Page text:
Following Covid-19 and the ongoing disruptive effects of the pandemic upon global supply chains, the demand from Australian brands to craft their clothing and weave textiles in Australia again is on the rise.
For the local manufacturers in Melbourne that survived the offshoring of garment production that began in the 1970s, this not only showcased their highly technical and craftsmanship skills from pattern making and tailoring to screen printing, dyeing and knitting, but also the benefit of manufacturing locally, namely the reduction in freight cost and time, that in turn reduces environmental impact.
This is how our documentary series ‘Make it Melbourne’ came to fruition. Supported by Creative Victoria, the three part series highlights Victorian based brands and the many hands that contribute to crafting Australian Made garments ending up in stores and wardrobes all over the country and the world.
The stories told in Make it Melbourne showcase that unique skills and fine crafts are not lost, but also brought to light the challenges facing these makers, including a crippling skills shortage that is preventing manufacturers from meeting the current demand from brands. The series starts a conversation between brands and makers on potential solutions to ensure we are nurturing a local manufacturing industry that not only supports the makers that have been working for decades, but the younger generation that will carry the legacy of Australian made.
If you’re a brand, search the AFC Directory to find suppliers and manufacturers, or if you’re a manufacturer, make sure that you create a brand listing here in Australia’s largest fashion and textiles database.
A special thank you to Kate Dillon of She Lion for being the inspiration for this video series and supporting the AFC and the industry above and beyond.
Viktoria & Woods and Kangan Institute share a long term partnership that began when Margie Woods thought outside the box and asked if the education facility could potentially manufacture her fully fashioned knitwear designs. Fast forward 10 years and Kangan Institute produces the brand’s entire range of fully fashioned knitwear, with V&W supporting the school by purchasing an additional knitting machine to increase capacity.
Sample Room is a development and small scale manufacturing studio in the heart of the old garment district in Collingwood. Julia shares her wealth of knowledge of local manufacturing to support emerging designers, including First Nations brand Ihraa Swim. Reflecting on the benefits of local manufacturing, including clearer communication and at times even improved costs, Sample Room is struggling to find machinists to keep up with the increase in local demand. One possible solution is to highlight the craftsmanship that goes into the making of a garment to show interested students that it is a rewarding career pathway.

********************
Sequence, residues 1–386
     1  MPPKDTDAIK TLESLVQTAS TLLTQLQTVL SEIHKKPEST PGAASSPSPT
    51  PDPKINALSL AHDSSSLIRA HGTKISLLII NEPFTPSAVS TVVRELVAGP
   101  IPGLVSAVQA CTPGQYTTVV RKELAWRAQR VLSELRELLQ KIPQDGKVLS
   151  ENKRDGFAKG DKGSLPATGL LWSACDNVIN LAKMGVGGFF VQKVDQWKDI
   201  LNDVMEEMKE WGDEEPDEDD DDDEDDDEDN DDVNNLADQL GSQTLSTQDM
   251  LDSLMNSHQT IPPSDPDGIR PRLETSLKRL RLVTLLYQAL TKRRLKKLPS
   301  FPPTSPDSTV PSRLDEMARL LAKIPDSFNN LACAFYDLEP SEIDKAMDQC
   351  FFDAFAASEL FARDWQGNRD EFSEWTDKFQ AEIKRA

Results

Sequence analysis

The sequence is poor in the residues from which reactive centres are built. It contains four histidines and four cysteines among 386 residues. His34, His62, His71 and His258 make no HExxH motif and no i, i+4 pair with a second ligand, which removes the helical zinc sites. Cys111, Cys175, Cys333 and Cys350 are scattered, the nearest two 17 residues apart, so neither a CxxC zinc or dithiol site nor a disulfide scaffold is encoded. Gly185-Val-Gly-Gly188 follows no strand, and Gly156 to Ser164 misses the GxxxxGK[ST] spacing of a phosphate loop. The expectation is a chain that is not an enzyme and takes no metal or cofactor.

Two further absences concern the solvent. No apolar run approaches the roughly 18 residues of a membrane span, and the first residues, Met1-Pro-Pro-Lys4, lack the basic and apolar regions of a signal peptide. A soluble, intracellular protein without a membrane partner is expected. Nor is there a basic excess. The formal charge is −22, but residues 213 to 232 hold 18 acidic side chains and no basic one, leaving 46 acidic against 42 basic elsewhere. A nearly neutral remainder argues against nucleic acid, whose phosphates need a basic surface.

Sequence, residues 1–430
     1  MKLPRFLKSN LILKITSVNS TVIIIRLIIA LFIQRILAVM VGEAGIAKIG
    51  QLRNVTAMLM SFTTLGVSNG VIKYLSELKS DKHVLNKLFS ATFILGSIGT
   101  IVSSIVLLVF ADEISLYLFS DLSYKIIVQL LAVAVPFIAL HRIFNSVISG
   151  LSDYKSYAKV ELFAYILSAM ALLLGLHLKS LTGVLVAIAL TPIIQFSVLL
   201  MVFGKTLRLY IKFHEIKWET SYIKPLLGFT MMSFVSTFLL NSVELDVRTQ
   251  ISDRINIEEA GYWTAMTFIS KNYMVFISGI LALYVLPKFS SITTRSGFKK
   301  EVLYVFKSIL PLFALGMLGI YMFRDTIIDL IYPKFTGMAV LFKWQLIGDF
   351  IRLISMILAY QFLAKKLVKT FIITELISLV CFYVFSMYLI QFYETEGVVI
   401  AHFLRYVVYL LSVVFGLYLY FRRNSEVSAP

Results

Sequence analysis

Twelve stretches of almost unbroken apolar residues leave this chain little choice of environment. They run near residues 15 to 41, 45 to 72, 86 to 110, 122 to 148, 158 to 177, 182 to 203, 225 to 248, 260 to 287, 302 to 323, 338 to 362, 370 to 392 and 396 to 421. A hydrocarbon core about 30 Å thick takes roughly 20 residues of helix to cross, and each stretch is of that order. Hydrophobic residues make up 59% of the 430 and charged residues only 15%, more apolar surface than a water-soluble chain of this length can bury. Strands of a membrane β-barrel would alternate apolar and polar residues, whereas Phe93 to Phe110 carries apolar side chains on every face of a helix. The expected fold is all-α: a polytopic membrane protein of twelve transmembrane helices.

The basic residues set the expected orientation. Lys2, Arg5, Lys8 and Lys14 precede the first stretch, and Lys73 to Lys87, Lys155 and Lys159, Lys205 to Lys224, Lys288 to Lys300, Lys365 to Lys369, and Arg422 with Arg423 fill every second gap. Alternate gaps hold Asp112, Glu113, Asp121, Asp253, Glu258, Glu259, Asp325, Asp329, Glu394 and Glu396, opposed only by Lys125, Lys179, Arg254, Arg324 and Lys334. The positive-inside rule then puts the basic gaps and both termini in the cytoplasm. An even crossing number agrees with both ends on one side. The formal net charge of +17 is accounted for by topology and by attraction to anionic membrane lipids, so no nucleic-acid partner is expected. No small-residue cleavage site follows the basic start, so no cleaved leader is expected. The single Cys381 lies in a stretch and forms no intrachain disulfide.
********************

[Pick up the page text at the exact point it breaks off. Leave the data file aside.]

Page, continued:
Kate from She Lion is a force to be reckoned with. In the middle of the pandemic and without having made a single sweatshirt before, Kate set out to establish an entirely Australian supply chain - from care labels to fabric. Her story is interwoven with the fond friendships she has formed with her makers, and Kate is passionate about supporting these businesses through her ‘Support Local’ jumper range. Kate believes the future of local manufacturing relies on addressing the lack of apprenticeships currently available in the textile and clothing industry.
Viktoria & Woods X Kangan Institute
Sample Room X Ihraa Swim & Kerrin
With special thanks to:
Viktoria & Woods, Kangan Institute, Sample Room, Ihrra Swim, Kerrin, She Lion, T-shirt OZ, Richmond laundry, Top Knit Fabrics and CGT Australia.
About Creative Victoria:
Creative Victoria is the state government body dedicated to championing, growing and supporting Victoria's creative industries. They invest in the ideas, talent, organisations, events and projects that make Victoria a creative state.
“There should be greater awareness, I think there’s a big piece around the fact that when you talk about apprenticeships people reel off electrician, plumber, carpenter, but they don’t mention cutter, seamstress, knitting mill person, screen printer, industrial wash house, pattern making…there’s a huge list!”
- Kate Dillion, Founder of She Lion Bags